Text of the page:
There's a danger in using the word so lightly though. What if we transfer the same attitude to things that really matter? What if we laugh those off too, taking the view that they're no more important than a second helping of dessert?
Such a view may sound alarmist until we consider the evidence. The temptation to put profit above every other consideration affected not only individuals, but the whole culture around them in the banking industry. The financial reverberations continue to affect the lives of families and nations.
The temptation to obtain sexual gratification from children destroyed lives over decades whilst abusers walked free, in the worlds of entertainment, education and - most scandalous of all - the Church.
The temptation to cheat has distorted the world of sport, placing the pursuit of fame and fortune above all other considerations.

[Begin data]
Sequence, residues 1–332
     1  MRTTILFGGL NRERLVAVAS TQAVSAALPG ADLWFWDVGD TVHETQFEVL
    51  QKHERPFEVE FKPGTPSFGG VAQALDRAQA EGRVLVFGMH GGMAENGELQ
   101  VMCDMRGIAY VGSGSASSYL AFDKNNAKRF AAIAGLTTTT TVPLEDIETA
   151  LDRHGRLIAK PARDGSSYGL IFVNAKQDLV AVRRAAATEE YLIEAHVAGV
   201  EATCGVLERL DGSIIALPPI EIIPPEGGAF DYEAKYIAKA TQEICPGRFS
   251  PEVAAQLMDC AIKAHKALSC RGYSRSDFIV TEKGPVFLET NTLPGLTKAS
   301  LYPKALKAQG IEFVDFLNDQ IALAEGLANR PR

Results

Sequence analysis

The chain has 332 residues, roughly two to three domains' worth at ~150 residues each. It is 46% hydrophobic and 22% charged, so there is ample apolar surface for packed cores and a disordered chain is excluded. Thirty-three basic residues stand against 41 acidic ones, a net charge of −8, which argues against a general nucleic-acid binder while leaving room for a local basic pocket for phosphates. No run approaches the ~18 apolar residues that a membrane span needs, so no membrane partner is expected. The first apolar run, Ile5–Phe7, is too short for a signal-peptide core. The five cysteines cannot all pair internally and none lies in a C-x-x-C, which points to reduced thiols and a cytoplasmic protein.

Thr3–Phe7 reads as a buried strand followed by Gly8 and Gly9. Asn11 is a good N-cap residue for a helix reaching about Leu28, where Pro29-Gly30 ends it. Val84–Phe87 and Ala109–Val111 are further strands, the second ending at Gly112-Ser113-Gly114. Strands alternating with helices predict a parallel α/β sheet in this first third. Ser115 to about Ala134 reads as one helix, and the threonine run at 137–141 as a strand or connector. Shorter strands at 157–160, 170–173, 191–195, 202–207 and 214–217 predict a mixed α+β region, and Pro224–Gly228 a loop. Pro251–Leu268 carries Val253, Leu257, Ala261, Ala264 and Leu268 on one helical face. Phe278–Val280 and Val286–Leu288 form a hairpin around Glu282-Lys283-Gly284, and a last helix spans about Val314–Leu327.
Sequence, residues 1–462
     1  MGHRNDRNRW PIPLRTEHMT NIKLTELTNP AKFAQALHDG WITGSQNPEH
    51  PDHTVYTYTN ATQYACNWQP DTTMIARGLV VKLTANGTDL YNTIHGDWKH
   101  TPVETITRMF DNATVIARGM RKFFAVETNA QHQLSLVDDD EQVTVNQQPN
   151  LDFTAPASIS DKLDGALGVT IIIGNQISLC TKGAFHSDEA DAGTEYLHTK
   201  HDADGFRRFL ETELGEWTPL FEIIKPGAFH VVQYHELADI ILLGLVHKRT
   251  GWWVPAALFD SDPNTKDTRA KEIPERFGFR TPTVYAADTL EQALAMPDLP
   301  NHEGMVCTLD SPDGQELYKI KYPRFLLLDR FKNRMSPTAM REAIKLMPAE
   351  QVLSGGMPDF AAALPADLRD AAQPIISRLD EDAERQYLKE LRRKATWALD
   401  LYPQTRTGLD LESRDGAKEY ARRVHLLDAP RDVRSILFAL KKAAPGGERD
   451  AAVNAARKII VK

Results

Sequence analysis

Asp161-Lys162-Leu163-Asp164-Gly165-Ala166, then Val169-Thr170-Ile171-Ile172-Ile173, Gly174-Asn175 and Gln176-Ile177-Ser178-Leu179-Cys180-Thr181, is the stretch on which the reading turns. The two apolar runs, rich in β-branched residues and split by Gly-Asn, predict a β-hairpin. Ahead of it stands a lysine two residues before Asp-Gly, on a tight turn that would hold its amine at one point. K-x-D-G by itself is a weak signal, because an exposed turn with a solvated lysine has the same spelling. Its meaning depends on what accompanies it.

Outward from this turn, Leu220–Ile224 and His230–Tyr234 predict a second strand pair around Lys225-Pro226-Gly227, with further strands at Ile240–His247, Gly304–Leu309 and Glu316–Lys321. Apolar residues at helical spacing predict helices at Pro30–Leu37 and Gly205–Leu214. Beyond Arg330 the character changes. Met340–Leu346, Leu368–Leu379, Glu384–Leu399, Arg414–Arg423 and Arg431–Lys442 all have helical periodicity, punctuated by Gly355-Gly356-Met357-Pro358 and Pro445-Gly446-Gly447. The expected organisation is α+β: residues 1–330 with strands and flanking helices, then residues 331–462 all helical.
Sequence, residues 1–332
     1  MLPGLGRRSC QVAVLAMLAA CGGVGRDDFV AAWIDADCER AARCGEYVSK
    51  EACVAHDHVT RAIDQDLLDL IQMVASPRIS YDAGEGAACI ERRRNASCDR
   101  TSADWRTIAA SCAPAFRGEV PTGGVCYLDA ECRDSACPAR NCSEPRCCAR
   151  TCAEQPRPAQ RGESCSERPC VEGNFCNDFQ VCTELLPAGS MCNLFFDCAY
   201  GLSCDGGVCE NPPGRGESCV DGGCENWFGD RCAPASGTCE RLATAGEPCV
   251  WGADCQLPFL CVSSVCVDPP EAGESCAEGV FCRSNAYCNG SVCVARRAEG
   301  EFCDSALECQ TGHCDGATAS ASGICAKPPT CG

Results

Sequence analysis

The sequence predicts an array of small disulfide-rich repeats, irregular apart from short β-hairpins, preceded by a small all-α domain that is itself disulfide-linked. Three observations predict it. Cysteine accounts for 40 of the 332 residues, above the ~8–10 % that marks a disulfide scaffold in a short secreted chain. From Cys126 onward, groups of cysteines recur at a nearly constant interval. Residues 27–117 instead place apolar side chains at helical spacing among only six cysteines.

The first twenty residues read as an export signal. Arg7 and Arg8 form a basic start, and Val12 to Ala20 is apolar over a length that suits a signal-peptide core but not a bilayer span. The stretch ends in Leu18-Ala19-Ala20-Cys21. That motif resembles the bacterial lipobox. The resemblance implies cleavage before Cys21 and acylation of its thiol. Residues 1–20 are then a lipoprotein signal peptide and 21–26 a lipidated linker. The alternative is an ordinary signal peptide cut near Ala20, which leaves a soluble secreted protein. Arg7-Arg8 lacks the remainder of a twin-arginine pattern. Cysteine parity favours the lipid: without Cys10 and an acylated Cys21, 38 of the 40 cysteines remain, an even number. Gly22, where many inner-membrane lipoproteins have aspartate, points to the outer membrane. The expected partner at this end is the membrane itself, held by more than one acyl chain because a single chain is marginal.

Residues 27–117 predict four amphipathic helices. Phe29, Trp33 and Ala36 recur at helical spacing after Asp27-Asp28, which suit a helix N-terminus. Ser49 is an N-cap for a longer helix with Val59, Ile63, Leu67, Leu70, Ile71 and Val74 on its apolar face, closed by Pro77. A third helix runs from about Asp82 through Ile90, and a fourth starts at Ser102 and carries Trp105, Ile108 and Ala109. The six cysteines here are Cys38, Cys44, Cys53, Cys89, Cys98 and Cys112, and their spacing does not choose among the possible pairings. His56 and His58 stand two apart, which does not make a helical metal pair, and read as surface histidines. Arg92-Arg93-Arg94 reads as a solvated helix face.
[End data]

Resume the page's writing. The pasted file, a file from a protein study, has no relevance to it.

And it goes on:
The temptation to oppress others is seen in the world of people trafficking, but also in systems of global trade as company profits and company taxation benefit wealthy nations, businesses and customers at the expense of the poor.
What are the temptations which come our way? Which do we find hard to resist? What are the excuses we make to ourselves as we give in? Are we damaging other people, or indeed ourselves, through the way we live and the decisions we take?
And if so, what are we going to do to address it?
For Jesus, tempted in the wilderness, it was the words of Scripture and the knowledge of God which enabled him both to recognise temptation and to resist it. Scripture, properly used, and a life of prayer and worship remain powerful weapons to strengthen us as we wander through the wilderness of this world's temptations.